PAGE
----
Bookmark
            • Record: found
            • Abstract: found
            • Article: not found

            American Society of Clinical Oncology guideline: recommendations for venous thromboembolism prophylaxis and treatment in patients with cancer.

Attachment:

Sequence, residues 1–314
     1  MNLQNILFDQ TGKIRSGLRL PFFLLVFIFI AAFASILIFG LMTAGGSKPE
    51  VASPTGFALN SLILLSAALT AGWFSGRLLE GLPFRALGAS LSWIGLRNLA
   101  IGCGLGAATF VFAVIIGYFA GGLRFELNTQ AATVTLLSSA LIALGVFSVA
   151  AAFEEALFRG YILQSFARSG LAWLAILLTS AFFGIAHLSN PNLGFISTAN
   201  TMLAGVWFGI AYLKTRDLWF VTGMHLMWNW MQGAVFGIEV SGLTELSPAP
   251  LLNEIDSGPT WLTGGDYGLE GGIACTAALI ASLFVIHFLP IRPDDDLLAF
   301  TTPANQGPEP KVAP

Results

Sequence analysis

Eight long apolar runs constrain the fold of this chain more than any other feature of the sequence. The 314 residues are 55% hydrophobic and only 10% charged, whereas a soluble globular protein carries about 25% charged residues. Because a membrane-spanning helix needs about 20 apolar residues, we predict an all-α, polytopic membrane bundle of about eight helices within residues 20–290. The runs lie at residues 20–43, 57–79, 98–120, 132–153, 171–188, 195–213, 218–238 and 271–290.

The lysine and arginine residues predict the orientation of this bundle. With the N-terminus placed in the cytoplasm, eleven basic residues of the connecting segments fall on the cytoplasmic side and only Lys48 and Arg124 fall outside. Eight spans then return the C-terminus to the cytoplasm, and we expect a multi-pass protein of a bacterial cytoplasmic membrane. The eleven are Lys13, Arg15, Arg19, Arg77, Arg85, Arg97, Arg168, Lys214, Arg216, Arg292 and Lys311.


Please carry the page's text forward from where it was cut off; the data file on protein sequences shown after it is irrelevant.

To develop guideline recommendations for the use of anticoagulation in the prevention and treatment of venous thromboembolism (VTE) in patients with cancer. A comprehensive systematic review of the medical literature on the prevention and treatment of VTE in cancer patients was conducted and reviewed by a panel of content and methodology experts. Following discussion of the results, the panel drafted recommendations for the use of anticoagulation in patients with malignant disease. The results of randomized controlled trials of primary and secondary VTE medical prophylaxis, surgical prophylaxis, VTE treatment, and the impact of anticoagulation on survival of patients with cancer were reviewed. Recommendations were developed on the prevention of VTE in hospitalized, ambulatory, and surgical cancer patients as well as patients with established VTE, and for use of anticoagulants in cancer patients without VTE to improve survival. Recommendations of the American Society of Clinical Oncology VTE Guideline Panel include (1) all hospitalized cancer patients should be considered for VTE prophylaxis with anticoagulants in the absence of bleeding or other contraindications; (2) routine prophylaxis of ambulatory cancer patients with anticoagulation is not recommended, with the exception of patients receiving thalidomide or lenalidomide; (3) patients undergoing major surgery for malignant disease should be considered for pharmacologic thromboprophylaxis; (4) low molecular weight heparin represents the preferred agent for both the initial and continuing treatment of cancer patients with established VTE; and (5) the impact of anticoagulants on cancer patient survival requires additional study and cannot be recommended at present.